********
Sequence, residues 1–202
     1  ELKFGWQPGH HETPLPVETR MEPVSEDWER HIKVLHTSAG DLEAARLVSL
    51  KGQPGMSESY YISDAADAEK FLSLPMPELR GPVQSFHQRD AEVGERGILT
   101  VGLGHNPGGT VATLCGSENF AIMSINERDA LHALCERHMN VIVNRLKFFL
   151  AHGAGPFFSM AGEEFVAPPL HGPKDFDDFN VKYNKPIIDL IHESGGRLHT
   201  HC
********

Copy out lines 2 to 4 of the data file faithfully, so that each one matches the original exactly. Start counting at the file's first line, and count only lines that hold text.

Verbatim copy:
     1  ELKFGWQPGH HETPLPVETR MEPVSEDWER HIKVLHTSAG DLEAARLVSL
    51  KGQPGMSESY YISDAADAEK FLSLPMPELR GPVQSFHQRD AEVGERGILT
   101  VGLGHNPGGT VATLCGSENF AIMSINERDA LHALCERHMN VIVNRLKFFL